Actually, small practices have inherent advantages owing to their size. I think about it like this - a large practice is like a basketball team and a small practice is like playing doubles tennis. With a larger team you have more people to organize under one mission, increased possibility for communication errors and more opportunities to drop the ball. Changing larger teams is like turning a cruise ship. On the other hand, improvement, change and communication on smaller teams can happen more nimbly, like turning a fishing boat.
The struggle for some small practices is reaching the tipping point since even one person presenting resistance can seem like a monumental barrier. Imagine one doubles tennis partner refusing to hit the ball. To overcome this challenge, a new culture must be intentionally grown with more input and consensus from all members using frequent check-ins and one-on-one conversations.
Even though small practices feel like they don’t have the staff or space to implement certain improvements, and that might be true, they do have the advantage of testing creative change in a more agile environment.
What is the best way to challenge those who are resistant to Sharing the Care?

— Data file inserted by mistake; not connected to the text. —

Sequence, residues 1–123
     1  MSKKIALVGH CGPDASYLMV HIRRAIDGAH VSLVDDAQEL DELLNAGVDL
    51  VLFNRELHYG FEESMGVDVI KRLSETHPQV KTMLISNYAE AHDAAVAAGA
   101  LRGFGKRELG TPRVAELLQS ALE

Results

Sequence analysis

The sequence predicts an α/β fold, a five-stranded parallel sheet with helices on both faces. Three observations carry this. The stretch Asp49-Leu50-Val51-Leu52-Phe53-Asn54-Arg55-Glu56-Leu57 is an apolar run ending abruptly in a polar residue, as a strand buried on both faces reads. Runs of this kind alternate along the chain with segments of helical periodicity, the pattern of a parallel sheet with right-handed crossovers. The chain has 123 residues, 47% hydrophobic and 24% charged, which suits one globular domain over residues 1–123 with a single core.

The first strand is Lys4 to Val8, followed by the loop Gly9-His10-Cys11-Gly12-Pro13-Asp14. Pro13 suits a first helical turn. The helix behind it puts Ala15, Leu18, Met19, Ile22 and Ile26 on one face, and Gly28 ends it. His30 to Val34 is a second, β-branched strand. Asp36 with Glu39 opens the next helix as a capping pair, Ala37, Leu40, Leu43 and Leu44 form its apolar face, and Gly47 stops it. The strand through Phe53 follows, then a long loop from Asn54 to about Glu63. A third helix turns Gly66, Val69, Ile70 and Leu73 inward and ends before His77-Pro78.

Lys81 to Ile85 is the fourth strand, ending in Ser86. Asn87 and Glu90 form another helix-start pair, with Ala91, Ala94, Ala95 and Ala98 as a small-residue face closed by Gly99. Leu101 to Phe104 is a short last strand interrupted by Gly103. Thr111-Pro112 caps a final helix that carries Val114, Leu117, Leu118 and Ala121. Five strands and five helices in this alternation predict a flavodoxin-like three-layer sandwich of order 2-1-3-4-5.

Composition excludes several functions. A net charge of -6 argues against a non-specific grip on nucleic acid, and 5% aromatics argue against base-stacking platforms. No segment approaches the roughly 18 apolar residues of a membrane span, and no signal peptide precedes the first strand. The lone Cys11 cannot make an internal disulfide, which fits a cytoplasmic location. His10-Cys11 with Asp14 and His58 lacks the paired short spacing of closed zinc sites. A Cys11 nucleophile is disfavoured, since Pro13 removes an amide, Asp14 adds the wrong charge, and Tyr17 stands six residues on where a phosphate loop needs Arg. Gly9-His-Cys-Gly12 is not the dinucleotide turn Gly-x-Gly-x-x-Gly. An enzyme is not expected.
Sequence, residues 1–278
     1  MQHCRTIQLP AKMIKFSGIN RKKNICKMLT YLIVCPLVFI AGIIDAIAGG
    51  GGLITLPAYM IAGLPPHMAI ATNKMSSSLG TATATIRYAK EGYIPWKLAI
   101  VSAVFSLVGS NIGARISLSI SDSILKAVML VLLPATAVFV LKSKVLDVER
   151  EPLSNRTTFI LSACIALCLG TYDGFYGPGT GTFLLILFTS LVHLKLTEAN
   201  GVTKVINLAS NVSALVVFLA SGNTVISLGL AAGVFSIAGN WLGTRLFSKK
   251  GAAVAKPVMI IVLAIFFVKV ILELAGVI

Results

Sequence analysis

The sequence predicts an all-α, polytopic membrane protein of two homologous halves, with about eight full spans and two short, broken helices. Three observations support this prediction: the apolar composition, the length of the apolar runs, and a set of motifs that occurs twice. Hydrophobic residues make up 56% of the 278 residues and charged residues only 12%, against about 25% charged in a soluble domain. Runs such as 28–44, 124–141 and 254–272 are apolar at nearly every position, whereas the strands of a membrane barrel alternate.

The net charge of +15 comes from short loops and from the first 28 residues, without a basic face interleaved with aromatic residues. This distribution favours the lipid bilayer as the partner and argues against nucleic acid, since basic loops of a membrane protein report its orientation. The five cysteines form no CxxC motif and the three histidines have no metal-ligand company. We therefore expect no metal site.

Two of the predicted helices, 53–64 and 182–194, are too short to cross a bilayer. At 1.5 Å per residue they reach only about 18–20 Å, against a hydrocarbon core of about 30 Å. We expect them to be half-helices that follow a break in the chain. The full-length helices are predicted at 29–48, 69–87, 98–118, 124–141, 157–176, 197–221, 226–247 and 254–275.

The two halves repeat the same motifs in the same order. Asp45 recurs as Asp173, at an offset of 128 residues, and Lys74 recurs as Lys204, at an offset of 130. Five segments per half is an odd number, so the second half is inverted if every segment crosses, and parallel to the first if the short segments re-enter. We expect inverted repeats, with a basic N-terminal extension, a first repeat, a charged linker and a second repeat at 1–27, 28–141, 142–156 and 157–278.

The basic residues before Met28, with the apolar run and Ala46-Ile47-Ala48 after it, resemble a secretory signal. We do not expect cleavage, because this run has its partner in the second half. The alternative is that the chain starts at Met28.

I wouldn’t challenge them – I would engage them! We have conversations about what it is, how it works, and what it could mean for them. Change is scary and I would want to know what they are nervous about and figure out how we can alleviate their fears while making progress.
If primary care leaders read one article or book on team-based care, what should it be?
I highly recommend Switch: How to Change Things When Change Is Hard by Chip and Dan Heath.
What advice do you have for practices struggling with team-based care?
You are not alone, in fact, you are in good company! Clinics successfully implementing team-based care have struggled for years to overcome challenges and change their culture. Furthermore, these clinics know that there is no end to the process. The improvement effort is on-going but hopefully less exhausting as the desired culture, protocols and processes are in place. It takes time, conversations and relentlessness. Be patient. Stay positive.
The best advice is to visit a site that is doing team-based care successfully so you can see it in action!
Kate Elliott is the program director for the Patient-Centered Primary Care Institute, managed by the Oregon Health Care Quality Corporation.